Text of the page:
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Statewide crisis standards of care ending in Idaho

Crisis standards of care will remain in place in North Idaho's Panhandle District, where hospitalizations remain high.

BOISE, Idaho — Idaho has deactivated crisis standards of care for all regions except North Idaho as the COVID-19 pandemic's burden on hospitals begins to ease, the Department of Health and Welfare announced Monday.

Crisis standards of care - under which doctors and healthcare workers may ration medicine, beds, ventilators, and other treatment to those deemed likeliest to survive - were put into place in September amid a surge in COVID-19 cases and hospitalizations that strained the ability to care for all the sick.

IDHW Director Dave Jeppesen said that although hospitals continue to deal with high numbers of COVID-19 patients, the surge is no longer outstripping resources in most of the state.

Crisis standards of care remain in effect in the Panhandle Health District, including Boundary, Bonner, Kootenai, Benewah, and Shoshone counties.

In the rest of the state, hospitals are generally operating under "contingency operations," meaning they are still stretched thin under an unusually high number of patients, but are not at an emergency level. The process to begin deactivating crisis standards began after healthcare systems started reporting that they were now in contingency operations. The situation at hospitals across the state has been monitored daily, officials said.

Hospitalizations have been trending downward since a Sept. 24 peak of 793 hospitalized COVID-19 patients statewide. On Nov. 17, the last day from which IDHW's COVID-19 dashboard is displaying data, 347 people were hospitalized with COVID-19. 

At St. Luke's, chief medical officer Dr. Jim Souza said, all of the surge units have been closed and there is room in the ICU once more. Staffing and supply levels are adequate, he added, and the hospital is encouraging healthcare workers to take "much-needed" time off. 

Still, Souza warned, the pandemic is not over, and the dropping hospitalization numbers could quickly rebound into another surge. 

"We are not sharing a 'mission accomplished' message," he said. "We don't believe this will be our last surge of COVID. I think all you need to do is look to North Idaho to see how volatile the situation remains."

COVID-19 patients still make up 21% of adult hospital admissions, and 40% of ICU admissions at St. Luke's, Souza said. The health system is also working hard to tackle the backlog of non-emergency surgeries - between 7,000 and 8,000 procedures - that were tabled during the height of the crisis. 

Health and Welfare officials noted that the situation at each hospital remains "fluid," and that the state will continue to provide resources, including healthcare workers contracted through FEMA and other federal programs, to Idaho healthcare systems.

Dr. Karen Cabell, Kootenai Health's chief physician executive, said in a statement that the downward trend in COVID-19 admissions and community positivity rates "have given us reasons to be cautiously optimistic."

"That being said, we currently have 58 patients being treated for COVID-19 with 26 of them requiring critical care, and for Nov. 1-22, there have been 33 COVID-19 deaths at Kootenai Health," she continued. "We also want to consider the impact the holidays could have on the spread of COVID-19, and we are still encouraging the community to continue to take necessary precautions to protect themselves and loved ones against the spread of serious illness from COVID-19 and other viruses."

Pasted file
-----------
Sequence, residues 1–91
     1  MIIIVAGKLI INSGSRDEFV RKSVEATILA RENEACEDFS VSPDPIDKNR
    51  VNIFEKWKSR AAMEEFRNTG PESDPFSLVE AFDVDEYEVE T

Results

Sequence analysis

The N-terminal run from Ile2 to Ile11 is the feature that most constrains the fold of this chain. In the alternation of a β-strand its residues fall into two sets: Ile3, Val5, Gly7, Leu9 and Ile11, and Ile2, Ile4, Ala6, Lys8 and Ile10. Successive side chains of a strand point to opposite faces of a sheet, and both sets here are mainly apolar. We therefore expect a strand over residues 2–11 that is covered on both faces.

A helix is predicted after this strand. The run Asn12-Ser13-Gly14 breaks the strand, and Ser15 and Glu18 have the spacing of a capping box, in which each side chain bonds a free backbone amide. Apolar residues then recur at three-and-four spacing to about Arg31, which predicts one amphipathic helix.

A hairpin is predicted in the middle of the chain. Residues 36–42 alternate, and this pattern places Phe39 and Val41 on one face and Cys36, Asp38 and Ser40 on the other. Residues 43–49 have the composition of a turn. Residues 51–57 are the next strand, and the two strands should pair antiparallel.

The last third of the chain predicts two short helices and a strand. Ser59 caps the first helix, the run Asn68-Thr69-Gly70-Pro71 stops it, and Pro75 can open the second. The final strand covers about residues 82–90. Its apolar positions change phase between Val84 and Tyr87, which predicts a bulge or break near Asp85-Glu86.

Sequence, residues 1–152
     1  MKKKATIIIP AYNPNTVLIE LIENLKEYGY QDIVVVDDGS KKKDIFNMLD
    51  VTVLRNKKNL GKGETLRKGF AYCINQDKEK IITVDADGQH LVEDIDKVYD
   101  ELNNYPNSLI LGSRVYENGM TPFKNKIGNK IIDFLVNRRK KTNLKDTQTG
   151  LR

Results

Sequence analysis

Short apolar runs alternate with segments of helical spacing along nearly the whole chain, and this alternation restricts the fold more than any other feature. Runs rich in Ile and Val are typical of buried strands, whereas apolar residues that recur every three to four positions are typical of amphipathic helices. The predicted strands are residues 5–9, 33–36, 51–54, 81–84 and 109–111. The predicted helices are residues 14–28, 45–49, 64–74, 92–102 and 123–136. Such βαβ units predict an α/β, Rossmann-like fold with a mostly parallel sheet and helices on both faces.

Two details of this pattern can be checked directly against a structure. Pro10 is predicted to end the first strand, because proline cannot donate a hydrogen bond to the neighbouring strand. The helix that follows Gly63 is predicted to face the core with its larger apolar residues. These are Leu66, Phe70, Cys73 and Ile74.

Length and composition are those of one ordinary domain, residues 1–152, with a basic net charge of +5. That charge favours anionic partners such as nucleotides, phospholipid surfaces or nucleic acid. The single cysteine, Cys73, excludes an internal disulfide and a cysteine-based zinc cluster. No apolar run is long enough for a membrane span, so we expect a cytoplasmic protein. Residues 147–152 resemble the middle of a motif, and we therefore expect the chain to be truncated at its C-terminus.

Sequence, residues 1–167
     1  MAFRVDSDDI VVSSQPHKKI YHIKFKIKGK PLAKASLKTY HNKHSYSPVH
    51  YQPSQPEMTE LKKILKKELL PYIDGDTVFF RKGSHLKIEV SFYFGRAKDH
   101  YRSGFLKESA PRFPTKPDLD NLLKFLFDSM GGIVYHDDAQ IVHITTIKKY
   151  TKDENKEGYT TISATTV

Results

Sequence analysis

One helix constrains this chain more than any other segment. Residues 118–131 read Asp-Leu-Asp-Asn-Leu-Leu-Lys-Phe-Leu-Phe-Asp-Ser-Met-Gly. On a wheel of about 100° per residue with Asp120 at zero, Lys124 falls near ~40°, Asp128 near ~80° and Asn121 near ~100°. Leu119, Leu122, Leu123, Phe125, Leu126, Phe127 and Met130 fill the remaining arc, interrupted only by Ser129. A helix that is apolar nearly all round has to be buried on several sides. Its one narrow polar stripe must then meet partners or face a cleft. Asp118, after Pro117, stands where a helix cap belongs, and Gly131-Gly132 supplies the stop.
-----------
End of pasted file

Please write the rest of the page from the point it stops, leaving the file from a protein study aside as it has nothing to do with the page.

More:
Souza expressed deep gratitude for healthcare workers, who he says saved thousands of lives while coping with mounting stress, trauma, and death.

"The collective human effort that they pulled off in Idaho over the last five months is nothing short of remarkable," he said. 

Saint Alphonsus Executive Medical Director Dr. Patrice Burgess touted the superb communication between hospital systems that helped get COVID-19 patients into beds at other facilities when one hospital was stretched too thin to admit them.

Burgess noted that COVID-19 cases have dropped off, then came roaring back, previously during the pandemic, and urged residents not to drop their guard when it came to washing their hands, wearing masks, and taking other precautions. Idahoans should get vaccinated if they have not already done so, and those eligible should also strongly consider getting the COVID-19 booster, she said.

"It is really a matter of our ability to get a significant portion of our population vaccinated, and then also our ability to adhere to those other precautions as well," she said. "That is what I see as our way out of this, and it is hard to watch the polarization around some of these measures that are really just basic science." 

Souza added that now that the strain on the health system has eased, St. Luke's will begin enforcing the employee vaccine mandate for influenza and COVID-19. 

Of St. Luke's 17,000 employees, only about .6% are "non-compliant" - as in, have not received the vaccine or been granted an exemption. About 8% or 9% of workers received an exemption, he said. 

"There is a light at the end of the tunnel," Burgess said. "I don't yet know exactly when that is, but I do think we will get there."

At KTVB, we’re focusing our news coverage on the facts and not the fear around the virus. To see our full coverage, visit our coronavirus section, here: www.ktvb.com/coronavirus.

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